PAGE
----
County bureaucrats make mistakes. That's why lenders and servicers, including credit unions, find themselves receiving e-mails and other messages from local counsel explaining why documents were not filed and/or why there were delays in completing milestones. Some explanations may seem far-fetched. More likely than not, they are truthful.
Once documents leave your local counsel's hands, control is lost. Murphy's Law applies. They can get lost in the mail (which is an agency of the federal government) on the way to courthouses or adverse events can happen inside courthouses. As a general rule bureaucrats do not much care about your timelines, your upcoming sheriff's sale, or your upcoming REO sale. They do not care about perfection. And they may even have a personal animus against lenders.
For instance, in our state, Pennsylvania, the following have occurred:
* Sheriffs' deputies posting notice of sheriff's sale on wrong properties.
* Sheriffs' deputies serving legal documents on minors (not permitted in Pennsylvania) or outright forgetting to serve them.
* Sheriffs' deputies preparing and recording incorrect sheriff's deeds (e.g. incorrect legal description, incorrect grantee).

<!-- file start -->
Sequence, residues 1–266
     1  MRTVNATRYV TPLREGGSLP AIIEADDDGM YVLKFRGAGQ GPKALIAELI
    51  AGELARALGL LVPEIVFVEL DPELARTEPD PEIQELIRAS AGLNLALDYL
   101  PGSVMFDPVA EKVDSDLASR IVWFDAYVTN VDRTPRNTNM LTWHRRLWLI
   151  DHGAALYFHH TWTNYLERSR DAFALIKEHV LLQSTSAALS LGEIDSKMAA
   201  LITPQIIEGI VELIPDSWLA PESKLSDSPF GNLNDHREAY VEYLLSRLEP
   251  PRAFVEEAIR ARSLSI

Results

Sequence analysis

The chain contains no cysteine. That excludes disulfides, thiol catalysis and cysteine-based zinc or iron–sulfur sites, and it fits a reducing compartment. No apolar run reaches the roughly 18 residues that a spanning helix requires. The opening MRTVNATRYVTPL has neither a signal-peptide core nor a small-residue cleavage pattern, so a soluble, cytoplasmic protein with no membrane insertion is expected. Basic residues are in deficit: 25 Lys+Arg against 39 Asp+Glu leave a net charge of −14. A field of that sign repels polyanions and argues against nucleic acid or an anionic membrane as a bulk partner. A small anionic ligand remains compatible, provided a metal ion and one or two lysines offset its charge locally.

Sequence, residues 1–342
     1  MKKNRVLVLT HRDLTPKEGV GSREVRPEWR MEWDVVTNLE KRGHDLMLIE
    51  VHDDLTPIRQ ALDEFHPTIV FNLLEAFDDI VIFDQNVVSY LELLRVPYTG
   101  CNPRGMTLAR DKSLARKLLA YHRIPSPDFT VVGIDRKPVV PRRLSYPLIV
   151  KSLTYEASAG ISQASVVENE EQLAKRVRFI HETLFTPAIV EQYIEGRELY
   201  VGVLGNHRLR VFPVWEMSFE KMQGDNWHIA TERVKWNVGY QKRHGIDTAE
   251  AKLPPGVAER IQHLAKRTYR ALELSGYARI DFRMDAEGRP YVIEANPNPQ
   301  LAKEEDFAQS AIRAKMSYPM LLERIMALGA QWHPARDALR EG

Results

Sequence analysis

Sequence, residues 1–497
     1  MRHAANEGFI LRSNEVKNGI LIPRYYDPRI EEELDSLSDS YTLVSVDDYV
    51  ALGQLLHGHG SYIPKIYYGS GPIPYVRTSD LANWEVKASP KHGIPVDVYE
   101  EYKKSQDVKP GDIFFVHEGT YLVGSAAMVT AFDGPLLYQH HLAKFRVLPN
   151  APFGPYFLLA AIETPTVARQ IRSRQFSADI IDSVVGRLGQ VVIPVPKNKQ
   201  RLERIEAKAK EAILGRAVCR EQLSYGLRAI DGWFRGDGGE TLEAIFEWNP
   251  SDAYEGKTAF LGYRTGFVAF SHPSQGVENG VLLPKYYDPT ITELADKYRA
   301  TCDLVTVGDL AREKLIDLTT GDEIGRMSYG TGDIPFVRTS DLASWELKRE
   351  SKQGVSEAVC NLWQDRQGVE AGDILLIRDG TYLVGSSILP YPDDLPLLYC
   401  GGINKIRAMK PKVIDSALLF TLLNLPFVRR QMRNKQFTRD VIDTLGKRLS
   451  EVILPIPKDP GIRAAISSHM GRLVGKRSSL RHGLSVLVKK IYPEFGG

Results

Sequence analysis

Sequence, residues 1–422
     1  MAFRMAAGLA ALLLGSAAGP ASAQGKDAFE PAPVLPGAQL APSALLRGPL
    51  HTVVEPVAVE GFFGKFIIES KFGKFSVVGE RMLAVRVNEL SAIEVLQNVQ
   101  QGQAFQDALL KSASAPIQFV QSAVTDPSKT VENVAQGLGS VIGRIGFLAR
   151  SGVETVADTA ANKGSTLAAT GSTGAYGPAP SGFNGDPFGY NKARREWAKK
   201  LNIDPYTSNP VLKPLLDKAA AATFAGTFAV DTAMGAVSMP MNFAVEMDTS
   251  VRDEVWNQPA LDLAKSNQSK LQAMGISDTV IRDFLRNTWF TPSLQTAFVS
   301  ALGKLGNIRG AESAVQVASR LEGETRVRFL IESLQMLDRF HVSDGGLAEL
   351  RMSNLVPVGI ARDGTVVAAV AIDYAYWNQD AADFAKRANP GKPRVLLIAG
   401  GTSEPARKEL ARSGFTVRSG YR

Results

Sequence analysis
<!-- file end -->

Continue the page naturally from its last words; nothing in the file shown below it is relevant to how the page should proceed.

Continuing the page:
* County clerks time-stamping documents for the wrong dates (e.g. Oct. 32).
* County clerks recording real estate documents in the wrong sequence (not following cover letters containing specific instructions as to which document to record first, second, etc.).
* County clerks rejecting documents for incomprehensible/bizarre reasons.
* County clerks returning documents to wrong firms.
* Post offices stamping proofs of mailing for wrong years.
* Mail delivery trucks breaking down on the way to the courthouse.
While mistakes are inevitable, and while there certainly are bureaucrats who are extremely conscientious and perform their job duties in an exemplary manner, the foregoing examples reflect lack of attention to detail, lack of care, and plain sloppiness-which adversely affect your timelines.
What Won't Help
County governments are protected by sovereign immunity laws so entertaining a lawsuit against a county for negligence is not a valuable use of time. Further, it is not recommended that local counsel be instructed to call these individuals and "read them the riot act," as a lecture from an attorney will not likely aid your cause.
Consequently, lenders/servicers may need to re-think their positions against courier service and hand-deliveries, as the use and presence of couriers or process servers may help ensure that documents are filed and/or recorded properly. Also, lenders/servicers can authorize fees for motions/petitions to address such mistakes (for instance, Pennsylvania has a specific rule that authorizes motions compelling corrective sheriff's deeds in the event of mistakes therein).
Finally, some tolerance may need to be built into existing timelines to account for "bureaucratic mistakes" or, at minimum, "judicial" or "court delay" holds should be routinely approved on foreclosures when there is evidence of such mistakes.
M. Troy Freedman is an attorney with Richard M. Squire & Associates, LLC, Jenkintown, Penn.